Ebon agreed to the scribe, Bartholomew Fenway’s, terms, as if he had much of a choice. After discussing the situation in detail, Ebon decided to pay a visit to Jovan’s house that day. He would be less likely to be home than if Ebon waited until evening.
The wraith-mage could not pass unhindered through the magically locked door, but Jovan had not enchanted his entire house similarly, so it was just a matter of sliding through an unprotected section of wall. Once inside the home, he quickly located Bartholomew’s contract. Getting at it was not a simple job. Jovan had the document well protected, an item of great value to him. It took a fair amount of time, but little effort, for Ebon to strip away the anti-theft spells. Once it was free of such nuisances, Ebon moved closer to snuff out the contract as easily as he had the failed application forms.
He had not been expecting the contingency spell. Apparently, Jovan had been anticipating that Bartholomew might choose unorthodox tactics to liberate his contract, which included striking deals with demons. The moment Ebon attempted to ignite the parchment, he found himself trapped within an inter-dimensional magical cage. Seconds later a middle-aged bearded and bespectacled man appeared before him bearing the slender frame and robes customary of a Master wizard.
“So, Bartholomew strikes again. Well, what have we here? You certainly are nothing like the petty thieves he has sent in the past. They did not get this far, and I dispatched of them easily enough.” Jovan scrutinized Ebon closely. “How did Bartholomew succeed in recruiting you?”
“I required his services. I need to make application to Magic University, and because of my ‘condition’ I was unable to do so on my own. This is what he asked for in exchange.”
Jovan scratched his chin.
“Ah – my alma mater. Well, I can hardly fault you for wanting to better yourself in that way, can I?”
The Master wizard paced the floor, considering his options.
“What if I told you I was willing to let you return to Bartholomew with claim of success, but I require your services in exchange as well,” he proposed. Ebon was hardly in the position to argue.
“Name your terms,” he rasped.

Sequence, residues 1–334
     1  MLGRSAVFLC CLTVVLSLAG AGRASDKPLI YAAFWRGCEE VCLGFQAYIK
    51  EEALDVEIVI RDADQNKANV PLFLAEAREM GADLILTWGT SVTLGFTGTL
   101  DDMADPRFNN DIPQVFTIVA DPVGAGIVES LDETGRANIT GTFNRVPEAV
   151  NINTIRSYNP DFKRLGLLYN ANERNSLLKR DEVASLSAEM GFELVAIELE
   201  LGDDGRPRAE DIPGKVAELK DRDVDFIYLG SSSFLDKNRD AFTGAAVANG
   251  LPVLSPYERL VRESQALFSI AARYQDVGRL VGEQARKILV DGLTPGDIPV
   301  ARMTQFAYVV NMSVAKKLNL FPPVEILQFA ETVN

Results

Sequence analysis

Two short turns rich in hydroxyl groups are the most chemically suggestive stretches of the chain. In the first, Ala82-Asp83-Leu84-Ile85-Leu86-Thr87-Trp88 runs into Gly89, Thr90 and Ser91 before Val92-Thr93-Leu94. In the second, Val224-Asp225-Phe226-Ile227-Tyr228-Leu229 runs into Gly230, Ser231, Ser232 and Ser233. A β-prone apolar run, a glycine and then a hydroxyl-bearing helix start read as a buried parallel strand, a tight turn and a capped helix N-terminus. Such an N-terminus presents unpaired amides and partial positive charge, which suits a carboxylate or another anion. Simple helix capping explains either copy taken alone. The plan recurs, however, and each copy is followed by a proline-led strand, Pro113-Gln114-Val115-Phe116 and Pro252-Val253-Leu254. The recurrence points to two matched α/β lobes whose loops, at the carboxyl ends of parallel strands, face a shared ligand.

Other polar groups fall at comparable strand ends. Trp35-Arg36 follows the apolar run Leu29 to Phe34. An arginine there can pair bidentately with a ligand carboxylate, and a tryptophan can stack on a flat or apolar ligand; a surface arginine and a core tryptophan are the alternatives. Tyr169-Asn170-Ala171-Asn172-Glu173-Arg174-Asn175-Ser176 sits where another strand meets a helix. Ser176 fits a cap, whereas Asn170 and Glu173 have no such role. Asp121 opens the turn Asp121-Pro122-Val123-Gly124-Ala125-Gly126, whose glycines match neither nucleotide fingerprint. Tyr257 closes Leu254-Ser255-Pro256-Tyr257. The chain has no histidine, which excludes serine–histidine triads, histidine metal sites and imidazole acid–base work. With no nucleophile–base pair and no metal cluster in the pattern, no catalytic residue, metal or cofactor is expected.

“A former apprentice of mine holds a series of letters that she could use to defame me and wreak scandal upon my house. I would like you to do for me what Bartholomew was having you do for him. Play purveyor of those documents, and I’ll reward you by destroying Bartholomew’s contract myself. I will need you to swear your agreement under oath, however. I want to guarantee that when I release you, you do not simply leave in search of some other scribe to do your bidding.”
Once again, Ebon was not in any position to object. He allowed himself to be bound magically to completing the task. Once freed from his cage, he took directions from Jovan, and set off to find the wizard’s former apprentice, Yvette.
While Yvette’s home was wealthier than Jovan’s, they had fewer magical protections in place. Instead, Ebon encountered a different problem. When he arrived, Yvette had the letters directly in her possession, and was poring over them tearfully. Ebon didn’t want to waste time with formalities, and presented himself unannounced before the young woman. Since he couldn’t exactly snatch the letters from her grasp, he decided to try intimidation instead.
“Jovan sent me. He wants his letters back. Give them to me.”
He let his frustration seethe through him, knowing it would darken his form and cause his eyes to flare red. That usually was enough to put the fear into the bravest of men. He expected the young woman to shrink away from him and perhaps even toss the letters his way in order to get him to leave her be. Instead, she gripped the letters with greater fervour and offered only resistance.
“No! They’re all I have left of him. He thinks I don’t love him, but I’m not marrying another by choice. I was betrothed to the cad by my parents – an arranged marriage to better business relations. I would give anything to get out of it, but my father is convinced that Terrance is a good man. He’s not, but without evidence to show otherwise, they’ll never agree to free me from the obligation to marry him.”
“If I bring you evidence to this effect, you will give me the letters?”
“But you have to tell Jovan that I wanted to keep them, because I do still love him,” she insisted. “If you promise me that much and then bring me the evidence I need, you can have the letters.”
Ebon sighed inwardly, ruing the fact that it was such a convoluted path to obtain the scribal services that he required, entangled in some foolish love triangle.
“And this Terrance? Where can I find him?” Ebon groaned.
“He and his business associates meet regularly for revelry at the Decadent Thrush, an inn in the merchant area of town. You’ll likely find him there tonight, relaxing after a day’s work. He invited me, but I have no interest in joining him solely for appearance sake. He does not actually enjoy my company and I think he is a mean-hearted boor.”
“Fine, an evening at the Decadent Thrush it is then.”
Ebon slunk away begrudgingly. As opposed to waiting for evening, he made his way to the inn that late afternoon to wait. He had nothing better to, and it allowed him time to select an appropriate spot to position himself within the shadows where he had a complete view of the entire barroom. He was actually grateful that he had chosen to venture there early when Terrance made an appearance. At least, Ebon was fairly certain that it was him based on the description that Yvette had given him. Terrance was there long before he was scheduled to meet with his friends. And he was not alone.